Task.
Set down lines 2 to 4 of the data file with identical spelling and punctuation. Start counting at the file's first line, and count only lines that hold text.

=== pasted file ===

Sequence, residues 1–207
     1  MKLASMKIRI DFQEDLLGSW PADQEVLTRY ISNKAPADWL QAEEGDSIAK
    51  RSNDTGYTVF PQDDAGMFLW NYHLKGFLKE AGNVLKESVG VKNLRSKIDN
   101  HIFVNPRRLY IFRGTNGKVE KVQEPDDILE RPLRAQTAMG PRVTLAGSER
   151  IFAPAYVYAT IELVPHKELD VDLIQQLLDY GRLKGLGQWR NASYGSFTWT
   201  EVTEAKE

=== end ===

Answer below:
     1  MKLASMKIRI DFQEDLLGSW PADQEVLTRY ISNKAPADWL QAEEGDSIAK
    51  RSNDTGYTVF PQDDAGMFLW NYHLKGFLKE AGNVLKESVG VKNLRSKIDN
   101  HIFVNPRRLY IFRGTNGKVE KVQEPDDILE RPLRAQTAMG PRVTLAGSER